A study of intergenerational eating patterns in families conducted with the help of School of Public Health researchers and data found that young adults who didn’t have regular family meals as adolescents can still benefit from the practice by incorporating it as parents.
“There is little research looking at whether family meals are beneficial long term and whether they are passed on to the next generation, so we were determined learn more about how family meal patterns translate across generations,” said the study’s lead author and Associate Professor Jerica Berge from the Medical School.
The study was recently published in the journal Public Health Nutrition and co-authored by SPH researchers Allison Watts, Nicole Larson, and Professor Dianne Neumark-Sztainer. Data for the study came from the School of Public Health’s long-running Project EAT study, an analysis of nutrition, physical activity, and weight status among young people and teens.
The researchers examined the survey responses of young adult parents and non-parents for four family meal frequency patterns from adolescence into parenthood. The patterns examined included those who:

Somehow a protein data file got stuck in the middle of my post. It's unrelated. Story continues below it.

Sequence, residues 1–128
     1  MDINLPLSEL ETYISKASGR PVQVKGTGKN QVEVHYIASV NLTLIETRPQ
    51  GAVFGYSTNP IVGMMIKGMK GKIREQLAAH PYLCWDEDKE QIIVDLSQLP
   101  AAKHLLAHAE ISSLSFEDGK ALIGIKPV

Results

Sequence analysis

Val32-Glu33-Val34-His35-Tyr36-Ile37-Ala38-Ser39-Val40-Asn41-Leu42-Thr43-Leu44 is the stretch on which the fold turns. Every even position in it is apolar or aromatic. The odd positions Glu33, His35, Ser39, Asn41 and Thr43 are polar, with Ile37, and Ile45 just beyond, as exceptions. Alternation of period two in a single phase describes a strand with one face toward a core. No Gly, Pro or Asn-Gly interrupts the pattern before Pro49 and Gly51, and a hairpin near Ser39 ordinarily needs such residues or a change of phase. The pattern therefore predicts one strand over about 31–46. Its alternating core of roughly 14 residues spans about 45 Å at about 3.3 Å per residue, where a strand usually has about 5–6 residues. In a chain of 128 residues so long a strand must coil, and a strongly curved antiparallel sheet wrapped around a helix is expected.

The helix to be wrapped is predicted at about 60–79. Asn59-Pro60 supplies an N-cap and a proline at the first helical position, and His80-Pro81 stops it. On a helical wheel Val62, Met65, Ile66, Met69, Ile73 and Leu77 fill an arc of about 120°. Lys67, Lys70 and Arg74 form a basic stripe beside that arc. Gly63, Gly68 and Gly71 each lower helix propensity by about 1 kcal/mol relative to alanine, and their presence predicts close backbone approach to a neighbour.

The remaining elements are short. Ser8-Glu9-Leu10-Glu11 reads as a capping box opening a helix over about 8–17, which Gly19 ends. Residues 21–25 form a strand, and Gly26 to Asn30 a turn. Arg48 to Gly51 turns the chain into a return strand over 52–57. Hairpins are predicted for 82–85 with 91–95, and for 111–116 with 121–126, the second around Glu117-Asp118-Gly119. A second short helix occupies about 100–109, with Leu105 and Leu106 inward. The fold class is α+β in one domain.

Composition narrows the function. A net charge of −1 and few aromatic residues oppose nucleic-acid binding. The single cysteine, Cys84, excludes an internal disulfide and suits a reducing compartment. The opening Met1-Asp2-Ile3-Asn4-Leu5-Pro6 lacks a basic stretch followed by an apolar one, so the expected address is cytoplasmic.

- Never had regular family meals as an adolescent or as a parent (Nevers)
- Started having regular family meals as a parent (Starters)
- Stopped having regular family meals as a parent (Stoppers)
- Maintained having regular family meals from adolescence into parenthood (Maintainers)
Researchers also looked at the associations between those four groups and their dietary intake (fruit and vegetable intake, sugar-sweetened beverage consumption, fast food intake), weight and weight-related behaviors (weight status, unhealthy weight control behaviors, binge-eating), and psychosocial well-being (depression, self-esteem) as a parent.
The study results showed that eating regular family meals in both adolescence and parenthood (15-years or later) was associated with more healthful dietary, weight-related, and psychosocial outcomes in young adult parents.
These associations were found for many but not all of the outcomes measured.
“For example, the ‘maintainer’ category was associated with less fast food intake, fewer unhealthy weight control behaviors, fewer depressive symptoms, less binge eating, and higher self-esteem in parents, but there were no significant associations between regular family meals and parent fruit and vegetable intake, sugar-sweetened beverage consumption, or weight status,” says Berge.
Additionally, the study found that young adults who were parents were more likely to start and less likely to stop having regular family meals compared to non-parents.
“The finding that it is never too late to benefit from family meals is a really powerful message and may be important for health care providers,” says Berge. “They can recommend to parents with young children… to start having regular family meals… and they will likely experience some of the health benefits that go along with it.”